The Court next addressed the issue of whether the evidence showed Asa, Sr. actually changed his beneficiary to Asa, Jr. in accordance with the plan documents.  It held that, based on Xerox’s call logs which showed Asa, Sr. called Xerox to change his beneficiary from Carmen to Asa, Jr., a reasonable jury could find he intended to make the change and that his phone calls substantially complied with the plan documents.  The Court therefore found summary judgment in Carmen’s favor was inappropriate.  It reversed and remanded to the district court for a trial in accordance with the rules espoused in its opinion on the issue of Asa, Sr.’s intent.

The Court addressed one final matter, the proper standard of review.  The issue was whether it should defer to the Retirement Plan administrator’s decisions in the matter or, instead, should decide “de novo” if Carmen or Asa, Jr. should receive the retirement benefits.  It held that because the Retirement Plan administrator did not exercise any discretion in deciding whether Asa, Sr. telephonically designating his son was valid under the Plans, it must decide the case de novo.  Stated another way, the Court found there was no discretion exercised by the Plan administrator to which it could defer.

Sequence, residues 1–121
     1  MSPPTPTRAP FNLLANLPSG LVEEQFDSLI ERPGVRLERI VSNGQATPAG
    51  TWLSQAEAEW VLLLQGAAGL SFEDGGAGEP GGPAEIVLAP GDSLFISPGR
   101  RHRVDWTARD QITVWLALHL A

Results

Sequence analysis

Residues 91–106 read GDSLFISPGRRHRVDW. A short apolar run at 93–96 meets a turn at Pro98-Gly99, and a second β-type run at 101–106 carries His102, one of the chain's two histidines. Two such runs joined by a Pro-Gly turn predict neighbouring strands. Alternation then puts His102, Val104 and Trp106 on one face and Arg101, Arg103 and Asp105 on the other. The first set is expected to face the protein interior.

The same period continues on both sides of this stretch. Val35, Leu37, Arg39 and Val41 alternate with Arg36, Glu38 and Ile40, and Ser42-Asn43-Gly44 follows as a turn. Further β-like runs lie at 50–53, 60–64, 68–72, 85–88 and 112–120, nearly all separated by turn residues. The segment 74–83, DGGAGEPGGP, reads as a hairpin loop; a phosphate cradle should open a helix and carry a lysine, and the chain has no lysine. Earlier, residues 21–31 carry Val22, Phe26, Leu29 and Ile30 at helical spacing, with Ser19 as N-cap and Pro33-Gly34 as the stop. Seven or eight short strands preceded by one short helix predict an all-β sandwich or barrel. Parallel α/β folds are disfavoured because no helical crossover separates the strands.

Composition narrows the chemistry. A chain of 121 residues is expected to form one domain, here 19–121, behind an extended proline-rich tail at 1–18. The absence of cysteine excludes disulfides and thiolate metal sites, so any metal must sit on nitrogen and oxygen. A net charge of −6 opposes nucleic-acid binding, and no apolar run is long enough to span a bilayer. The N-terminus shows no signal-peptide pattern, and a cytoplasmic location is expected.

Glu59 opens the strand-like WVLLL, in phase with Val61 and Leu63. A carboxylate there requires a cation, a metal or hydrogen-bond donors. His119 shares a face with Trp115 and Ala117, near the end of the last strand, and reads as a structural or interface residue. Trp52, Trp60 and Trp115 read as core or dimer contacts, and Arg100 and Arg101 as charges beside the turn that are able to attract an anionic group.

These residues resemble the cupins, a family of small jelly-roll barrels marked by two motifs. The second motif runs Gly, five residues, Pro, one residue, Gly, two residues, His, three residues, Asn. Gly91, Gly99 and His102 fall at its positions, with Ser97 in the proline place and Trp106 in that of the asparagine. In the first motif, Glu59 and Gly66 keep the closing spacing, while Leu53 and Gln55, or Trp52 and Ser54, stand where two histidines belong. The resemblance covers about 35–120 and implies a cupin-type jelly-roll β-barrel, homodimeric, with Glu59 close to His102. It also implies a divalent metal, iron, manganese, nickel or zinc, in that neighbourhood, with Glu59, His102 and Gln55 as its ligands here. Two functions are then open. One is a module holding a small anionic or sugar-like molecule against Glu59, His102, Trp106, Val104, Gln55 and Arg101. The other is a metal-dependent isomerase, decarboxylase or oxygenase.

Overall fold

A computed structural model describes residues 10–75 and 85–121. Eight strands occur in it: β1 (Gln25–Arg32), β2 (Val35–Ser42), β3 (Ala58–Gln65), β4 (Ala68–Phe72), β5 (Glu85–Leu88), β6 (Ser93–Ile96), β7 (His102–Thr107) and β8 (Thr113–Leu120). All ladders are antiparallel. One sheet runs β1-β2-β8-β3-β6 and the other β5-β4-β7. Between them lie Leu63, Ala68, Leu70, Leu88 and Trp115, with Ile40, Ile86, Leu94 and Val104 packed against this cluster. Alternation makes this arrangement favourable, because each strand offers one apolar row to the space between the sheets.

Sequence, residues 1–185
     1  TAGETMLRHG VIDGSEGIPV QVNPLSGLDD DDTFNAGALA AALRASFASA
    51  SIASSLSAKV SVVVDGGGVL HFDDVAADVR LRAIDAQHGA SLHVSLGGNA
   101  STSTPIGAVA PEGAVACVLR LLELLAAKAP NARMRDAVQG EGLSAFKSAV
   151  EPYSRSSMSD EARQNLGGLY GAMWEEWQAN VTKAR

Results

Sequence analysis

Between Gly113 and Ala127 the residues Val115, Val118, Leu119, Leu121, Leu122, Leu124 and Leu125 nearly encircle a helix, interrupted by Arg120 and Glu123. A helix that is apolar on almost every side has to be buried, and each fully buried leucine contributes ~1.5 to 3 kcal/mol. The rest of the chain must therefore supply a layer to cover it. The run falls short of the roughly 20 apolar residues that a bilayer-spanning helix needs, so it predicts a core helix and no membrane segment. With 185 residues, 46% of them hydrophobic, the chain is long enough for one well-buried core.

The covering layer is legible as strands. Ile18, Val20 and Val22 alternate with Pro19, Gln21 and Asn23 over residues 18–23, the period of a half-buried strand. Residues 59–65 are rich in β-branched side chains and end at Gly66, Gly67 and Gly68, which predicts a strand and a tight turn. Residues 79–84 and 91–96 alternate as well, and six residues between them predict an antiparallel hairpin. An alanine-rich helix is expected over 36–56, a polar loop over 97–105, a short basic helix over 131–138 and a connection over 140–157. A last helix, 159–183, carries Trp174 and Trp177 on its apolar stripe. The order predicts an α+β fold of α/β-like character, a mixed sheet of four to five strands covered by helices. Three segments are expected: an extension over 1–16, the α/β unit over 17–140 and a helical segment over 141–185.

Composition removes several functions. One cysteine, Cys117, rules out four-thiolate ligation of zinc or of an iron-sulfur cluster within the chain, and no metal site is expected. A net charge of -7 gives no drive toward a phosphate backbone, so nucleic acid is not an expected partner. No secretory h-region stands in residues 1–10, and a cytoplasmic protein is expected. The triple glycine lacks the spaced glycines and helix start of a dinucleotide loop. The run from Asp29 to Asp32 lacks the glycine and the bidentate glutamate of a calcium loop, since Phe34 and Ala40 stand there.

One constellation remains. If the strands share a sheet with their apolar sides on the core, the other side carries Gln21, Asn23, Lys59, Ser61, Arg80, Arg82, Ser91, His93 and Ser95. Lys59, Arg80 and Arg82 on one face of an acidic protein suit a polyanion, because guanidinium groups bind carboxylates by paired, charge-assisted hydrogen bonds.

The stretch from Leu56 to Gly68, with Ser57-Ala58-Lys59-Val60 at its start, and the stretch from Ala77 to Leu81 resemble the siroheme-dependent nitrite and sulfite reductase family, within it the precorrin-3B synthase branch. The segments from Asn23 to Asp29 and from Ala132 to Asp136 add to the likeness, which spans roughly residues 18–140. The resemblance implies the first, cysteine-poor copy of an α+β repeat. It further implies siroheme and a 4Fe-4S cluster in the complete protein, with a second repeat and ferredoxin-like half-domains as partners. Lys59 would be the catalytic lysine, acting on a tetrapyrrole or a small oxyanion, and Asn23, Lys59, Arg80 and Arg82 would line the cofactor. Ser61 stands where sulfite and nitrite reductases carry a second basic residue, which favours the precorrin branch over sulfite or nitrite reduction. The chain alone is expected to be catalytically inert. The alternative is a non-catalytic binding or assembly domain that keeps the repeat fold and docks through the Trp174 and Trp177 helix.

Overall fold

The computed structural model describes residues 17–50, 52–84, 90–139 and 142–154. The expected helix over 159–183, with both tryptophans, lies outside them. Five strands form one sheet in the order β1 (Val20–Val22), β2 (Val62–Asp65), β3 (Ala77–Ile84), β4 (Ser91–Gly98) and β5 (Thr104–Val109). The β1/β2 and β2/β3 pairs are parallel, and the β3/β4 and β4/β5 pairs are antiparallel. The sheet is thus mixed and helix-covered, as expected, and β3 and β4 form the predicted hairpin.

It looks like this case will turn out fine for now deceased Asa, Sr. and his son, albeit at great expense and aggravation to Asa Jr.  But it teaches an important lesson to employees with employer sponsored retirement plans, life insurance policies and disability policies.  Make sure you carefully follow the plan documents whenever effectuating your rights.  The consequence of being careless could cost you or your family hard earned employee benefits.

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Standing Spine(dex) Adjustment – Ninth Circuit Finds Healthcare Providers Have Article III Standing in Denial of Benefit Claims Under ERISA

Posted in: Case Updates, ERISA, Fiduciary Duty, Standing January 13, 2015

A universal part of the American medical experience is paperwork. Everyone is familiar with visiting a healthcare provider for the first time, filling out history forms and signing pages of documents that they either do not understand or do not care about. The Ninth Circuit recently grappled with a minimally explored legal issue surrounding one such document: whether a non-participant healthcare provider, as assignee of health plan beneficiaries under an assignment form, has Article III standing to bring a denial of benefits claim under ERISA.